Duq Thanksgiving dinner celebrates culture

Brentaro Yamane | Multimedia Editor | Hosted by many organizations on campus, attendees remembered the late Marinus Iwuchukwu, during the holiday dinner.

Kaitlyn Hughes | Staff Writer

With an international student population of at least 500 students from 85 different countries, Duquesne held the Interreligious and Intercultural Thanksgiving in the Union ballroom on Monday night.

The event was co-hosted by the Consortium for Interreligious Dialogue, the Spiritan Campus Ministry and the Center for Global Engagement.

This dinner welcomed students to learn and share about different Thanksgiving traditions and cultures from around the world. Throughout the night, students engaged in conversation and listened to a multitude of presentations about interreligious communication.

The program was originally started in 2018 by the late Marinus Iwuchukwu, who was killed in his home this past January.

Co-leader of the Consortium for Interreligious Dialogue, Thérèse Bonin, said the goal of this group is to continue Iwuchukwu’s mission of encouraging students to value diversity in a world where conflict is constantly arising. They plan to release 11 chapters he wrote for his manuscript on Christian-Muslim dialogue in the near future.

Bonin expressed how this event was meant to increase understanding and appreciation for new ideas through the perspective of our own faith and culture.

“These dinners are meant to promote mutual understanding among those of different religions and cultures, in the hope that healthy, peaceful and mutually enriching interactions will result,” Bonin said.

Information was presented about Catholic traditions, Hispanic Thanksgiving culture, celebrations in a Christian-Nigerian family, Muslim holidays and foods special to the Jewish community.
During the speeches, students indulged in Mediterranean chicken, beef curry, mashed potatoes, white rice, vegan vegetable curry and stir fry. The dinner was made to accommodate a variety of dietary restrictions.

The event welcomed anyone at Duquesne, but it was seen to be particularly beneficial for students who are not originally from the United States. During the meal, students reflected on the importance of learning about others and sharing where they came from.

“I am sure that especially for international students, they can feel very isolated when they first arrive here,” Bonin said. “Anything we can do to make them feel welcome and as if they are a community here, we are glad to do.”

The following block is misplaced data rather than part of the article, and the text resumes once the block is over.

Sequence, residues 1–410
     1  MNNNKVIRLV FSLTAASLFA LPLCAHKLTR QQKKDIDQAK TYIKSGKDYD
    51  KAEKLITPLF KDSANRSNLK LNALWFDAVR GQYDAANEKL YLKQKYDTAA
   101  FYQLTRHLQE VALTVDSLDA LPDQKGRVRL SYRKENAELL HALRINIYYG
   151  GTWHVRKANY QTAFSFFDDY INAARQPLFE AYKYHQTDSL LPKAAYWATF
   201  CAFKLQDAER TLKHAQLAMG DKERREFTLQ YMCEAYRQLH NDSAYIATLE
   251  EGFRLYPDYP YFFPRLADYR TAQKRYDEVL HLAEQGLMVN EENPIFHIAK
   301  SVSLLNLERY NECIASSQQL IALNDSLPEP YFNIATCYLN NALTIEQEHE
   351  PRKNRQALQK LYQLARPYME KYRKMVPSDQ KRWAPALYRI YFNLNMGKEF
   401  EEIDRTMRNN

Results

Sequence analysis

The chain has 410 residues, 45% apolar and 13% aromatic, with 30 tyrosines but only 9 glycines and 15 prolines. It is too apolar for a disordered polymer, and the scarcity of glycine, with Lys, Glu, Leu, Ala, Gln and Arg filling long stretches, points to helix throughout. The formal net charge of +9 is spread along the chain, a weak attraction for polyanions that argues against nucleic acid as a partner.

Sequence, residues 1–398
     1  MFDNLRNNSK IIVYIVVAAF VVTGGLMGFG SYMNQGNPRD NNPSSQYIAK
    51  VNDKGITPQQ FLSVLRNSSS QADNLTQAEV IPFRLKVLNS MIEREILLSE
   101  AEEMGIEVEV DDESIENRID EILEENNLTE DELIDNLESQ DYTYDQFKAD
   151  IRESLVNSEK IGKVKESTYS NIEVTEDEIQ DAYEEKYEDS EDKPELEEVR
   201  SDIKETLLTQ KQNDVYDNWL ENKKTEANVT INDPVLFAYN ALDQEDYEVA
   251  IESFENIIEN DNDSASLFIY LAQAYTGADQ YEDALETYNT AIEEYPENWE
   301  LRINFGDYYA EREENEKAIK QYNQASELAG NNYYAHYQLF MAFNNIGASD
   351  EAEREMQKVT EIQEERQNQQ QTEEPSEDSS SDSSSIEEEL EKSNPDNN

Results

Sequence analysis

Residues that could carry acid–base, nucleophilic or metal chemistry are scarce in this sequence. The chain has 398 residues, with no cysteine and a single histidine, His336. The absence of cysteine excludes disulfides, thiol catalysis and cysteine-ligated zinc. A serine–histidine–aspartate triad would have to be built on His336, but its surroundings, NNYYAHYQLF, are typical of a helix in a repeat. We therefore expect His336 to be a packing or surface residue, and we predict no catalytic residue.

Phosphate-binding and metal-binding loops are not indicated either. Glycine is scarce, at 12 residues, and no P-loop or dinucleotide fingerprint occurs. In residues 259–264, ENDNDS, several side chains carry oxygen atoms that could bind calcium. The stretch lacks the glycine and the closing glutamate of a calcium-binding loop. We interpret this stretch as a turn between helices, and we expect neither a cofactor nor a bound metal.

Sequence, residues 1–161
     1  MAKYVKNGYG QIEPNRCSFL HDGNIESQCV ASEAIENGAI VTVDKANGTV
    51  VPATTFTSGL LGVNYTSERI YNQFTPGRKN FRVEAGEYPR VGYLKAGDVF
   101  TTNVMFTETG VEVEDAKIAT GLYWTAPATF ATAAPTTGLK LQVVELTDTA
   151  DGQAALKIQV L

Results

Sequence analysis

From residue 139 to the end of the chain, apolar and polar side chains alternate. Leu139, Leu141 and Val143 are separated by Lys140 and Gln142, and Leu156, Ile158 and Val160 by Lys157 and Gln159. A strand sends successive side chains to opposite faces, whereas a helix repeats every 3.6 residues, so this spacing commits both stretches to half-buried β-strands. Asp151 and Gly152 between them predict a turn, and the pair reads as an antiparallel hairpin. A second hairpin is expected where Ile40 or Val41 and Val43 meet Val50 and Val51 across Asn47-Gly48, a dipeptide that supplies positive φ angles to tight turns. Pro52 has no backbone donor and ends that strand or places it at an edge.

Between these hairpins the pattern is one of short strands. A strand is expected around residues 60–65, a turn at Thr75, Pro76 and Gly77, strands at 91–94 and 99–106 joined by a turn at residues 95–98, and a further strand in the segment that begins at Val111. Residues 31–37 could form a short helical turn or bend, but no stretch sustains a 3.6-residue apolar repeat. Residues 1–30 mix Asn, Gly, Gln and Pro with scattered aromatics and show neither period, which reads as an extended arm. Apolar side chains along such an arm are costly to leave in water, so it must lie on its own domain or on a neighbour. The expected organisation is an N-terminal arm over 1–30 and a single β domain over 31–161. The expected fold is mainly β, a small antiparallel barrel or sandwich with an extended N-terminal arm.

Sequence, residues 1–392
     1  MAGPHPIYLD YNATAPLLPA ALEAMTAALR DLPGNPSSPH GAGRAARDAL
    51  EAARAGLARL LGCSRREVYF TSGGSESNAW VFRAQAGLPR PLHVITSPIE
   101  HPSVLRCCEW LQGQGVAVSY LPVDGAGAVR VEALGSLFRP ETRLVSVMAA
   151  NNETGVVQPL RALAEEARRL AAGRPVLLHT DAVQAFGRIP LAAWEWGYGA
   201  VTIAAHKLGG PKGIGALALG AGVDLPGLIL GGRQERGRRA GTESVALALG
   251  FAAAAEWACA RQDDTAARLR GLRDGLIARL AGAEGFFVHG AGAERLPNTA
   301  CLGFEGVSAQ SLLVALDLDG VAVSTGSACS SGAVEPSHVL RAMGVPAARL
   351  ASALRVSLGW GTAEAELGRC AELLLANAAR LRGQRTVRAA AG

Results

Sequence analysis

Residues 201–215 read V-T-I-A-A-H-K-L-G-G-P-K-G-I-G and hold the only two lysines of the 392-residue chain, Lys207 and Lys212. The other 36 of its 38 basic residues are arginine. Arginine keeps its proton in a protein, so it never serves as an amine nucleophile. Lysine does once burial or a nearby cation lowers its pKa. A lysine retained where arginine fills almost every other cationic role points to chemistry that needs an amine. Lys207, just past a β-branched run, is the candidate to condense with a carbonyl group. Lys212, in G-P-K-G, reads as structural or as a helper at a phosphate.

International student Duaa Alzahrani is pursuing her Ph.D. in behavioral analysis. Alzahrani is not originally from the United States, but she has attended other American schools prior to coming to Duquesne. Duquesne has been the most progressive school in trying to include people of all cultures and religions she said.

“I used to just do Thanksgiving on my own, but this event is like sharing Thanksgiving with other people,” said Alzahrani.

A student from Brazil, Deva Gomes, expressed how she and other international students agreed that these events are viewed as necessary in developing relationships.

“You really feel alone when you come here, so it is important to have a connection with people who are in the same boat as you,” Gomes said. “It is important to have these events, so we can all connect with each other.”

This event not only provided a sense of community, but gave students the ability to share their own interpretations of Thanksgiving. Presenter and member of SACNAS, Alexa Gonzalez, was excited to provide insight on her Hispanisc heritage.

“It is really fun to have the opportunity to talk about how we have adapted to American culture,” said Gonzalez.

Even though Thanksgiving is seen as an American holiday, many countries have modified the holiday to meet the standards of their own traditions. Coming from Puerto Rico, Gonzalez said that Hispanic people add their own personalities to spice up traditional Thanksgiving celebrations.

Through her time of being a member of SACNAS, Gonzalez has recognized why it is crucial to be educated about different cultures.

“You can’t fully connect with someone unless you understand where they come from,” Gonzalez said. “We have presentations from people all over, and I think that is really important.”

Co-leader of the Consortium for Interreligious Dialogue, James Swindal, said, apart from gaining initial exposure with other cultures, there is great importance in embodying the education of different cultures into our everyday lives, as well as owning our own culture.

“Own your own culture and your own faith,” said Swindal. “You have to own your own identity before you can really gift other people with sharing your identity.”

Student Lydia Dennis elaborated on Swindal’s idea and spoke on how she appreciates diversity in her day-to-day life and welcomes Duquesne’s inclusion for all ethnicities.

“I think that one thing that Duquesne is great at is that we do have Iftars and we do have the menorah outside,” said Dennis, “Even though it’s a Catholic school, they still celebrate those different religions.”